sub-component

component

[kuhm-poh-nuhnt, kom-]
noun
1.
a constituent part; element; ingredient.
2.
a part of a mechanical or electrical system: hi-fi components.
3.
Physics. the projection of a vector quantity, as force or velocity, along an axis.
4.
Physical Chemistry. one of the set of the minimum number of chemical constituents by which every phase of a given system can be described.
5.
Mathematics.
a.
a connected subset of a set, not contained in any other connected subset of the set.
b.
a coordinate of a vector.
6.
Linguistics.
a.
one of the major subdivisions of a generative grammar: base component; transformational component; semantic component; phonological component. Compare level ( def 16 ).
b.
a feature determined by componential analysis.
adjective
7.
being or serving as an element (in something larger); composing; constituent: the component parts of a computer system.

Origin:
1555–65; < Latin compōnent- (stem of compōnēns, present participle of compōnere to put together), equivalent to com- com- + pōn(ere) to put + -ent- -ent

componential [kom-puh-nen-shuhl] , componental, adjective
componented, adjective
subcomponent, noun


1. See element.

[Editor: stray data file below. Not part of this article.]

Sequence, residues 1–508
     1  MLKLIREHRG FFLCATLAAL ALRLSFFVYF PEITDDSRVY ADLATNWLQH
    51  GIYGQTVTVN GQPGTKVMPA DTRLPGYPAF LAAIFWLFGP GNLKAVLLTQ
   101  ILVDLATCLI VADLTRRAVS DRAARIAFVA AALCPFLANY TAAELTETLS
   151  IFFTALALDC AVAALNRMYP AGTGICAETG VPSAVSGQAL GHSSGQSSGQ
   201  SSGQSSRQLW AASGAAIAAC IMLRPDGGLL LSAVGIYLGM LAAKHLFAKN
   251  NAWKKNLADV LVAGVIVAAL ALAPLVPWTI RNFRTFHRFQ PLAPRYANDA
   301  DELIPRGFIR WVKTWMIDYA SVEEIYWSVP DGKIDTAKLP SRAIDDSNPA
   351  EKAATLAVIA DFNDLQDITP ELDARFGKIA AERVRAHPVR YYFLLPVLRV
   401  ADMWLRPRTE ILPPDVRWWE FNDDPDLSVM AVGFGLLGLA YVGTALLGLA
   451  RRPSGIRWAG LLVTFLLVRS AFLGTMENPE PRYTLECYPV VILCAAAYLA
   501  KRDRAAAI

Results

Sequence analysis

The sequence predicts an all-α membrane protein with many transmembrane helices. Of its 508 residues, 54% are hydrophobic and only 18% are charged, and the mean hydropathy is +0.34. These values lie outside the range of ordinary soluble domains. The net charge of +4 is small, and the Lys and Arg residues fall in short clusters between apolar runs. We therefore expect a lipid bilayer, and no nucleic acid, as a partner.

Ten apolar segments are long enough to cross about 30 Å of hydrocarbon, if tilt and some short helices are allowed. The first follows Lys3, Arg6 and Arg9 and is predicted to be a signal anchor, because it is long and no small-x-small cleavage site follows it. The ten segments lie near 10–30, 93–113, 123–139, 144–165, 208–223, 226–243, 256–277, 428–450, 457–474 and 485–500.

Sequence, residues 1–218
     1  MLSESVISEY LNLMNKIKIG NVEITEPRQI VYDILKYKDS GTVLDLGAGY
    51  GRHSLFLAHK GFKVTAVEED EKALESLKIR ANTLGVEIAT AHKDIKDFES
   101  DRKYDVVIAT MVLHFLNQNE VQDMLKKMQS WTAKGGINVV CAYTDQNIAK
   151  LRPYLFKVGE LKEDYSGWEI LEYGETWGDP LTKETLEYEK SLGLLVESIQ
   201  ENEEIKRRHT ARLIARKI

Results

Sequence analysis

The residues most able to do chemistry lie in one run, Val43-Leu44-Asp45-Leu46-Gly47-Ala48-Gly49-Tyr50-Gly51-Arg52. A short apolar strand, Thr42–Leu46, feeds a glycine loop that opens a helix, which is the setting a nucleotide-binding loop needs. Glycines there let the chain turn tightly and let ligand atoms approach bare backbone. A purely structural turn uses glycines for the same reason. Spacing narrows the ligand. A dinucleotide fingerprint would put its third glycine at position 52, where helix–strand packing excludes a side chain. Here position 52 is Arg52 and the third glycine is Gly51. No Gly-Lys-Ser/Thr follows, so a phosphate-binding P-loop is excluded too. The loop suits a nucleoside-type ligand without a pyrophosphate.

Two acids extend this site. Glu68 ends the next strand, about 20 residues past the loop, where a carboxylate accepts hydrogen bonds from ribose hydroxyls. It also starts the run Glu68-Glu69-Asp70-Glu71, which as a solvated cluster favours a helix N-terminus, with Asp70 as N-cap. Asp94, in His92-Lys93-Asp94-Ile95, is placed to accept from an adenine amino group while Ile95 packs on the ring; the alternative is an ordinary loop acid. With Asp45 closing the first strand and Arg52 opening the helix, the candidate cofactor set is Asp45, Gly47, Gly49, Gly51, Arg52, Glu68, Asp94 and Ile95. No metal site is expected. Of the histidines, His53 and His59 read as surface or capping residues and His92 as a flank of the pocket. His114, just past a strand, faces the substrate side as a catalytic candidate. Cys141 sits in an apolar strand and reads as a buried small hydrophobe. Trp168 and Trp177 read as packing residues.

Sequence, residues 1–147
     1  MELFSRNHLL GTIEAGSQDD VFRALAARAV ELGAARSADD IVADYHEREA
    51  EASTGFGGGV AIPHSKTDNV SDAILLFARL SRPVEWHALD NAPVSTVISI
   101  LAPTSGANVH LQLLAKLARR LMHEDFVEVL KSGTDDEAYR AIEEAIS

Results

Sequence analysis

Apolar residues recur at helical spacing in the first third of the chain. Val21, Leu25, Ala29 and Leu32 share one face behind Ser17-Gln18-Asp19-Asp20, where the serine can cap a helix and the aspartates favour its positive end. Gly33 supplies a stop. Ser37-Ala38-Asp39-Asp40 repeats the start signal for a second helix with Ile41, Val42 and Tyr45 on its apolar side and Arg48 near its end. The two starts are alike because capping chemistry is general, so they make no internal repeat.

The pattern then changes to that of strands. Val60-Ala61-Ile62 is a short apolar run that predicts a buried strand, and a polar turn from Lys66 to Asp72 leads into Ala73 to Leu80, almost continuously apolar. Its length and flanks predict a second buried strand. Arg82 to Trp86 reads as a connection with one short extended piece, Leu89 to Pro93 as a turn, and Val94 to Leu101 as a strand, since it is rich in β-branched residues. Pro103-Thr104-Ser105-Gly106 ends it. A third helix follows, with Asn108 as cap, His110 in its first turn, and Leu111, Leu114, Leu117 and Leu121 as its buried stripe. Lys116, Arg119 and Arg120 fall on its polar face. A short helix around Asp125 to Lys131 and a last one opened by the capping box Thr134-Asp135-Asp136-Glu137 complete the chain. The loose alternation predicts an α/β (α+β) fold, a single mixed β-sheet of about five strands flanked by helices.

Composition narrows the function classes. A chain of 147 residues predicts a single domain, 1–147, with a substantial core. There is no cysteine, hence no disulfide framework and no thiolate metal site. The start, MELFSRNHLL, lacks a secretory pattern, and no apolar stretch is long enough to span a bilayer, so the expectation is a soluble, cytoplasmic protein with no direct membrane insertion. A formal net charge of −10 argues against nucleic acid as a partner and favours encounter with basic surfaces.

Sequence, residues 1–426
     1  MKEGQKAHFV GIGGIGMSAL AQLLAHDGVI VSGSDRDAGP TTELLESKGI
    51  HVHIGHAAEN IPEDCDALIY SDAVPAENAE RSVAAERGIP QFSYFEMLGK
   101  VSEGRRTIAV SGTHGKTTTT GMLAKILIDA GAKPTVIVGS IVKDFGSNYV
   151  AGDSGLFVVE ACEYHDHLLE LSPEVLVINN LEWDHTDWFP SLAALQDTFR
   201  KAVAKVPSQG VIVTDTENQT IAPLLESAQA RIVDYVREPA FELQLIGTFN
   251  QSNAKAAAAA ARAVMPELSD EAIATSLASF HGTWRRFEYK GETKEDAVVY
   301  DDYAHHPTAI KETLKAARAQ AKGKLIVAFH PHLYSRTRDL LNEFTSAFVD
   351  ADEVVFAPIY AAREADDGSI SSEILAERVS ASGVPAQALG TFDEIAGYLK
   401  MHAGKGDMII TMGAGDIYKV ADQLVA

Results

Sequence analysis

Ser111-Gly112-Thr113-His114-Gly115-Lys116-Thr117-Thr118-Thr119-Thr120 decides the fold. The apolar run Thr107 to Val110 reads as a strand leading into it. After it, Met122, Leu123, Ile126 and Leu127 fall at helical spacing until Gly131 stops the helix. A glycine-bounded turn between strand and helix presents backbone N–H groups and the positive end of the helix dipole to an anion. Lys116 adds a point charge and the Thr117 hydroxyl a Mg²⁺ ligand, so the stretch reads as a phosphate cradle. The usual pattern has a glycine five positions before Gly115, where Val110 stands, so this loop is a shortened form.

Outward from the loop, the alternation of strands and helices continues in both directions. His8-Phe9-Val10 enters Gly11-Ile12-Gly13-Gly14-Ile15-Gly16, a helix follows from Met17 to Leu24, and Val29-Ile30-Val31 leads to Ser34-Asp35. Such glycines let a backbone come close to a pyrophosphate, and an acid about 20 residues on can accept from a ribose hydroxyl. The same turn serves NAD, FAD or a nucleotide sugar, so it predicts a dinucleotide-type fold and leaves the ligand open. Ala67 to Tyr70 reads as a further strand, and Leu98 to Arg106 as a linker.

Dictionary.com Unabridged
Based on the Random House Dictionary, © Random House, Inc. 2014.
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Collins
World English Dictionary
component (kəmˈpəʊnənt)
 
n
1.  a constituent part or aspect of something more complex: a component of a car
2.  Also called: element any electrical device, such as a resistor, that has distinct electrical characteristics and that may be connected to other electrical devices to form a circuit
3.  maths
 a.  one of a set of two or more vectors whose resultant is a given vector
 b.  the projection of this given vector onto a specified line
4.  See phase rule one of the minimum number of chemically distinct constituents necessary to describe fully the composition of each phase in a system
 
adj
5.  forming or functioning as a part or aspect; constituent
 
[C17: from Latin compōnere to put together, from pōnere to place, put]
 
componential
 
adj

Collins English Dictionary - Complete & Unabridged 10th Edition
2009 © William Collins Sons & Co. Ltd. 1979, 1986 © HarperCollins
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Etymonline
Word Origin & History

component
1645, from L. componentem (nom. componens), prp. of componere "to put together" (see composite). Related: Componentry (1959).
Online Etymology Dictionary, © 2010 Douglas Harper
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